Published: May 13th 2006May 8th 2006
How can you describe a country that spans from the Tibetan, Nepalese and Bhutanese Himalaya in the north, nearly 3000km to the Gulf of Mannar near troubled Sri Lanka in the south, from the borders of Pakistan in the west, 2500km to the border of 'East Pakistan' (Bangladesh) in the..well, east, and with a magnamonious (yes, I made that word up) population of over 1 Billion people? Answer: you can't.
India. There can't be many words to start a paragraph that invoke so many varied reactions and so much imagery: Bollywood, bright hindi clothing, Kashmir and Pakistan, curry, the Maharajas, the sort of music Saif, if you knew him, would famously play in his car, elephants, nuclear weapons testing, the Taj Mahal. But to assign such preconceptions to a country made up of 28 states diverse in culture, geography, their economies, religion and habits, would be sacrilege.
And how long do I have to experience all this? Just one month.
After a 'relaxed' month in Nepal (i.e. limited travel and not having to orientate myself around a new place every couple ofdays), I'm suitably rested for what will be a hectic month here (i.e. lots of
travel and having to orientate myself to a new place every few days), as I try to glimpse at least a few different ways of life and sights in the north-west, while there is a heat-wave on. Urgh. Unfortunately, I've just realised it's India's holiday season, which basically means nearly all trains are booked 2 weeks in advance. Double bugger. So all my plans to see some non-tourist areas, like Gujurat by the west coast, have sadly fallen through as no way am I doing long-distance travel in the passenger carraiges (see next blog..). Still, I'll try and get some variety included. Wish me luck.
First stop Varanasi, having travelled over the picturesque Lower Himalaya by bus, where a tyre exploded beneath me bruising my foot, and befriending a man who then battled it out against a conductor trying to screw me out of money (we won). I must say, there's nothing quite like experiencing India as being thrown head-on into the chaos of one of its million+ cities for the first time, putting all my senses into overload mode. Crazyness prevails - cows and goats battle it out on the streets against an onslaught of rickshaws ringing bells,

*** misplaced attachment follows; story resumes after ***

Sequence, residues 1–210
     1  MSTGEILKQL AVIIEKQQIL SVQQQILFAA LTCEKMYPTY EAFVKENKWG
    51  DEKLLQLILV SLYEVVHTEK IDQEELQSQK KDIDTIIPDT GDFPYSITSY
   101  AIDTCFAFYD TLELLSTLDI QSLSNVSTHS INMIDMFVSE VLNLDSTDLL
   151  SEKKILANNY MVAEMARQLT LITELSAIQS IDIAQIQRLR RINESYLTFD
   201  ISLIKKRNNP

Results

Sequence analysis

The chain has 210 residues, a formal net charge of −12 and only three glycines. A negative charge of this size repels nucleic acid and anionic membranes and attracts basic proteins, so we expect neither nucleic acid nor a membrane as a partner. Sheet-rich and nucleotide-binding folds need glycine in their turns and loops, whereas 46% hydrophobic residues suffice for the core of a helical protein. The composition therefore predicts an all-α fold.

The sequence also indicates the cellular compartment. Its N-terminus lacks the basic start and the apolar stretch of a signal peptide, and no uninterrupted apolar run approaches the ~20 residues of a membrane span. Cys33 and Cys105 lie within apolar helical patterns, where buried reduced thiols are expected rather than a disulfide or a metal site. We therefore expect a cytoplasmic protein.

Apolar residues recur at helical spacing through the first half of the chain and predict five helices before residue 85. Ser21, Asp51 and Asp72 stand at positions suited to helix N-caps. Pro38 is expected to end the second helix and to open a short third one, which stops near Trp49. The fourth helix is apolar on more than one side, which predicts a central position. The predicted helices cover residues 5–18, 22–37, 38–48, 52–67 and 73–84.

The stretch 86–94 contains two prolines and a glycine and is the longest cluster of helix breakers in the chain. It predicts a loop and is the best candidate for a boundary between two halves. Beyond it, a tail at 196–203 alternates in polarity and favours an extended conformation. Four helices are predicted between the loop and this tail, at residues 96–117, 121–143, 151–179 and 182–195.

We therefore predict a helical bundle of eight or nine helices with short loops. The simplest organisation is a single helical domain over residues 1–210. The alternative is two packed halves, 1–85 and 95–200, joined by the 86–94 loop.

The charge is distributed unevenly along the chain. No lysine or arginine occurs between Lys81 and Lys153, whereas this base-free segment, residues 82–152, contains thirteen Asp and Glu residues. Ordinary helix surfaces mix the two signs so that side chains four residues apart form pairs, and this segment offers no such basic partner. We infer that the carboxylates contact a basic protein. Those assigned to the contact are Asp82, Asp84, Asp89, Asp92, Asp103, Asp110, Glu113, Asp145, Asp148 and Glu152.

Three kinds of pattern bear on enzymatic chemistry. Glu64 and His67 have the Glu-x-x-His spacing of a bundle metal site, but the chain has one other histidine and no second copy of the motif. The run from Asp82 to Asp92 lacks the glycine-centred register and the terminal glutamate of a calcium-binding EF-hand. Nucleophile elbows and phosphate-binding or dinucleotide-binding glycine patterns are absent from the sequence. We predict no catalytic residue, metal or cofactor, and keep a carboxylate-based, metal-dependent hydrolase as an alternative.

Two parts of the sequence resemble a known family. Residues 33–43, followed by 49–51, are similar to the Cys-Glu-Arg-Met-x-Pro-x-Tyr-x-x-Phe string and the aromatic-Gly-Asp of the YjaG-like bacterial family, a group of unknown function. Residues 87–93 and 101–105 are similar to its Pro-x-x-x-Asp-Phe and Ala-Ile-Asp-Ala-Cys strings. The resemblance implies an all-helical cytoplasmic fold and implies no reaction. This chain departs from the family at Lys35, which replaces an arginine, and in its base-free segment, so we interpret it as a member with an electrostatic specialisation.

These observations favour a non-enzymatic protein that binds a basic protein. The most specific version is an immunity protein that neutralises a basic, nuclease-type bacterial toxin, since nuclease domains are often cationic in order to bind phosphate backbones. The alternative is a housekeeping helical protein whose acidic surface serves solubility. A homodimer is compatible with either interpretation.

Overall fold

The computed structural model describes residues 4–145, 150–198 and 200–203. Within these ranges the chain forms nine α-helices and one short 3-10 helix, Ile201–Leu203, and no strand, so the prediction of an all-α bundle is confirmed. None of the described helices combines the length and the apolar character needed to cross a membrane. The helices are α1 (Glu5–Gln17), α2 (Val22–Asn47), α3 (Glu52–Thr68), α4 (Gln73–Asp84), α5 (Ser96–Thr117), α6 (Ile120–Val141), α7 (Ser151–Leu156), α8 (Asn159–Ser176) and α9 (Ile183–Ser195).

people eat tasty street-food out of bowls made of leaves while drinking mango shakes, lassis or bags of milk, others oblivious to the crowds squat at street edges defaecating away, while wedding parties with music, lights, dance and portable generators flash past.
Then you reach the surprising magical calm of the ghats that lie along the Ganges, and of course, the reason for the city's international fame. I spent my first day casually walking the entire length of the 100+ ghats spanning many kilometers, surprised at how calm it was relative to the photos that everyone sees (during festivals, 1000s transcend each ghat and the word 'crazy' takes on a new meaning). A wonderful and inciteful afternoon watching kids playing cricket, women demolishing clothes on rocks beating out the dirt, a few cremations, the inevitable wallowing of yet more cows and bathers bathing. Not something I'd want to do - according to trusty Lonely PLanet, safe bathing water should have less than 500 faecal coliforms per 100ml; at Varanasi, there's over 1.5million! A sad state, but it is slowly improving.
Varanasi is one of the holiest cities in India and one of the oldest cities in the world
with a 2m-wide 'no-man's land' where it would be wise not to tread
(4000+ years). Hindus believe that to die in Varanasi liberates one from the cycle of birth and death, while bathers come to wash away their sins. After an evening meal, where I had my first taste of an Indian Masala with naan, accompanied by traditional music on a rooftop overlooking the Ganes and Golden Temple (all very romantic, isn't it?), I got an early night so as to be up for the sunrise.
The morning boat trip is something that will be difficult to forget. I managed to hop on board with a 30-something businessment, classically called Dave, and spent 2 hours calmly being rowed along watching the morning rituals. At times, little Dave became slightly too obtrusive for my liking, but his charm meant the locals didn't seem to mind and I got some good photos. Much busier, as men and women came to bathe, give offerings and wash clothes, dead bodies float in the water, as do flowery bowls with candles. Men sieve through ashes searching for jewellery or gold teeth, others have their heads shaved, all to the backdrop of a rising sun. It's a unique and vivid mixture of life and death, and I was